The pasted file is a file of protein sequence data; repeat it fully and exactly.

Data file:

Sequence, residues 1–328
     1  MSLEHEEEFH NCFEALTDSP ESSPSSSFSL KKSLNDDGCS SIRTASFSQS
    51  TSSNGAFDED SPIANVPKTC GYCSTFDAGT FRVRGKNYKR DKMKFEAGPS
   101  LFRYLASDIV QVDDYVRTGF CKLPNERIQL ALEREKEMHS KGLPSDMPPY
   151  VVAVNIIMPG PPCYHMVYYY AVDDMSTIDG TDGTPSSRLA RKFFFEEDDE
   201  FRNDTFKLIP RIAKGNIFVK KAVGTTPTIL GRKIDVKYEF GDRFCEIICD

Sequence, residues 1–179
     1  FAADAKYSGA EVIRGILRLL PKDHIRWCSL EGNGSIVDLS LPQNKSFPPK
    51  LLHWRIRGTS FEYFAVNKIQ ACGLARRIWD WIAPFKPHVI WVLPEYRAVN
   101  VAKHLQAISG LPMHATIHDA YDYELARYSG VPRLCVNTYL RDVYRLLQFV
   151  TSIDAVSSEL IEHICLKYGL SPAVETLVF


Sequence, residues 1–328
     1  MSLEHEEEFH NCFEALTDSP ESSPSSSFSL KKSLNDDGCS SIRTASFSQS
    51  TSSNGAFDED SPIANVPKTC GYCSTFDAGT FRVRGKNYKR DKMKFEAGPS
   101  LFRYLASDIV QVDDYVRTGF CKLPNERIQL ALEREKEMHS KGLPSDMPPY
   151  VVAVNIIMPG PPCYHMVYYY AVDDMSTIDG TDGTPSSRLA RKFFFEEDDE
   201  FRNDTFKLIP RIAKGNIFVK KAVGTTPTIL GRKIDVKYEF GDRFCEIICD

Sequence, residues 1–179
     1  FAADAKYSGA EVIRGILRLL PKDHIRWCSL EGNGSIVDLS LPQNKSFPPK
    51  LLHWRIRGTS FEYFAVNKIQ ACGLARRIWD WIAPFKPHVI WVLPEYRAVN
   101  VAKHLQAISG LPMHATIHDA YDYELARYSG VPRLCVNTYL RDVYRLLQFV
   151  TSIDAVSSEL IEHICLKYGL SPAVETLVF